Re: [Din] [IRTF-Announce] Decentralized Internet Infrastructure (dinrg) RG Virtual Meeting: 2021-06-03 CHANGED

Dirk Kutscher <ietf@dkutscher.net> Mon, 31 May 2021 18:53 UTC

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From: "Dirk Kutscher" <ietf@dkutscher.net>
To: "Curtis Villamizar" <curtis@orleans.occnc.com>
Cc: din@irtf.org
Date: Mon, 31 May 2021 20:52:55 +0200
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Subject: Re: [Din] [IRTF-Announce] Decentralized Internet Infrastructure (dinrg) RG Virtual Meeting: 2021-06-03 CHANGED
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Hi Curtis,

> Here is a place to start.  Web browsers could support DANE so that we
> are not dependent on a predetermined set of CA with URLs not bound to
> a specific CA so a bad actor (government for example) who has had a CA
> accepted to the set included with browsers can make up their own
> certificates for any site for the purpose of a man-in-the-middle atack
> as long as they don't get caught or can coerce others to look the
> other way (ie: claim lawful intercept).
>
> The system of a set of equally trusted CAs is the web's largest single
> flaw.
>
> No new protocols needed for that one.  Those who prefer not to use
> DNSSEC and DANE can continue to use the bag of CAs included with the
> browser.

Thanks for the input.

Without discussing the merits and deployment status of DANE today, I 
just wanted to say that the meeting on Thursday is going to be rather 
problem-oriented (which could include the web certificate trust 
architecture of course).

Hope to see you there,

Dirk





>
> Curtis
>
>
> In message <162196876495.10287.15267417001061504362@ietfa.amsl.com>
> IESG Secretary writes:
>>
>> MEETING DETAILS HAVE CHANGED.  SEE LATEST DETAILS BELOW.
>>
>> The Decentralized Internet Infrastructure (dinrg) RG will hold
>> a virtual interim meeting on 2021-06-03 from 19:00 to 22:00 UTC.
>>
>> Agenda:
>> # DINRG Workshop (Interim Meeting) on the Centralization in the 
>> Internet
>>
>> We are planning an online workshop for the start of June that is 
>> intended to enable a principled discussion on Centralization in the 
>> Internet and its root causes.
>>
>> ## Motivation
>> The networking community generally seems to agree that the Internet 
>> consolidation and centralization trend has progressed rapidly over 
>> the last few years, bringing impactful societal and economical 
>> consequences. To counter that trend, multiple studies and activities 
>> have been launched to decentralize the Internet and the Web (for 
>> example see 
>> https://blog.mozilla.org/wp-content/uploads/2017/03/IHPbriefs_decentralization_March_2017.pdf, 
>> https://solidproject.org/, and https://www.decentralizedweb.net/, 
>> plus various Blockchain-inspired approaches).
>>
>> When the internet started as a completely decentralized system 40 
>> years back, at that time perhaps few people, if any, could have 
>> foreseen where it is today. How did we get from there to here? What 
>> is driving aggregation and centralization in the Internet? What are 
>> the implications for industry actors and technology as well as for 
>> users/consumers?
>>
>> We believe that a good understanding of this question could make a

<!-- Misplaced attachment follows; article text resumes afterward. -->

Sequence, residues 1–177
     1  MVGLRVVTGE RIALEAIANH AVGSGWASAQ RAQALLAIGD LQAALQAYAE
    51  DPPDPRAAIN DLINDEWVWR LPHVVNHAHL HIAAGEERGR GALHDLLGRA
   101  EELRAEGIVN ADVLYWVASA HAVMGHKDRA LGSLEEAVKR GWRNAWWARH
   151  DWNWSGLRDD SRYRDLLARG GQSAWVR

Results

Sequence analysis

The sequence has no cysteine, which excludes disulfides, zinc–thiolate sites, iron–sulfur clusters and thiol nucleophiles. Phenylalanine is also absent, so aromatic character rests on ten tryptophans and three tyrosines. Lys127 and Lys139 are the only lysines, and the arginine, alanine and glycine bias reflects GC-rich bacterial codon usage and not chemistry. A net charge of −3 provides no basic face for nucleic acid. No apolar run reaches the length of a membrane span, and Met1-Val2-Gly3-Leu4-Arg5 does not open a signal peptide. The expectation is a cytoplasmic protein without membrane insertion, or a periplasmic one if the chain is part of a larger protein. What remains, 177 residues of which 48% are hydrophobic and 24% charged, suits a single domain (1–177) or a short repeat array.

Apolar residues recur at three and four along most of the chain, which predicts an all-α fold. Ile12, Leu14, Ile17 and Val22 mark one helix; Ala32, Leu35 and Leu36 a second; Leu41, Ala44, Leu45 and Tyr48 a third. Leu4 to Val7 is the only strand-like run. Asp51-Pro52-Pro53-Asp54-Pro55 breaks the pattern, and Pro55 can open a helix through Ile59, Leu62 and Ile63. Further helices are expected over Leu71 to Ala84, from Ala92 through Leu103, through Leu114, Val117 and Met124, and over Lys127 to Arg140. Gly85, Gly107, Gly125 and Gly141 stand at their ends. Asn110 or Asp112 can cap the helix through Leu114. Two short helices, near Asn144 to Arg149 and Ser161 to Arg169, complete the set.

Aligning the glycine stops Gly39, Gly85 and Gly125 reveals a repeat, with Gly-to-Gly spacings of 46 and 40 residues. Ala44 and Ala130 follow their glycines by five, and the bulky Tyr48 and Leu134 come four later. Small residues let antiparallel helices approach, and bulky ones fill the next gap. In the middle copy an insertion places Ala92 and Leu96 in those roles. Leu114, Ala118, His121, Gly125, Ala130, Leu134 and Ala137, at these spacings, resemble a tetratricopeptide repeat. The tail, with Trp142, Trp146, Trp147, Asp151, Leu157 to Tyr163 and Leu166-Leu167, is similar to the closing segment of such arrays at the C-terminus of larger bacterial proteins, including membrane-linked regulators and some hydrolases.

>> good first step towards understanding whether it is 
>> possible/feasible, and if so, how, to steer the Internet away from 
>> centralization.
>>
>> ## Objectives
>> The objective of this workshop is to start an open discussion on the 
>> above question to help clearly characterize centralization in the 
>> Internet and to discuss its root causes. That is, before jumping to 
>> discussing various potential solutions, we suggest taking a step back 
>> and discussing how we got from there to here, and what were the 
>> driving forces and enablers at each stage.
>>
>> We believe that a sound and evidence-based understanding is of key 
>> importance for devising any effective form of remedy and action plan. 
>> In particular, we would like to foster an understanding on the 
>> relationship of architectural properties and economic developments. 
>> For example,
>> * whether any architectural features, or lack of them, made an impact 
>> on the internet ecosystem developments and business models; and
>> * from a retrospective view, was there anything that might have been 
>> done differently, to have an impact on the course the Internet has 
>> taken?
>>
>> This is a complex problem with many relevant factors (technical and 
>> economic) and historic developments, so we would like to invite 
>> contributions on all of these aspects to this first workshop which 
>> may likely lead to further in-depth follow-up discussion. A result of 
>> this workshop could indeed be a more substantiated agenda for more 
>> focused future research in DINRG.
>>
>> ## How to Contribute
>> **Please send a message until May 16th EOB to dinrg-chairs@irtf.org** 
>> if you are interested to contribute to the workshop. We ask that you 
>> include a 1-page abstract (no special formatting requirements) of 
>> your intended contribution that would help us to to categorize inputs 
>> and to have a record of the different perspectives in the workshop 
>> proceedings (DINRG meeting material).
>>
>> ## Format
>> * DINRG online interim meeting, with open participation
>> * 3 hours duration with one break
>> * Lightning talks on different aspects of the problem
>> * Ample time for discussion
>>
>> ## Logistics
>> * Date and time: Thursday, June 3rd 2021 1900 UTC, 21:00 CEST / 05:00 
>> AEST (Fri) / 12:00 PDT / 09:00 HST (tentatively)
>> * Duration: 3 hours with a break in the middle
>> * MeetEcho (Online as an IRTF DINRG meeting) -- details TBA on DINRG 
>> list
>>
>>
>> Information about remote participation:
>> MeetEcho: 
>> https://meetings.conf.meetecho.com/interim/?short=ed3b91f7-04e0-4cdb-9477-f1014f5ca47b
>
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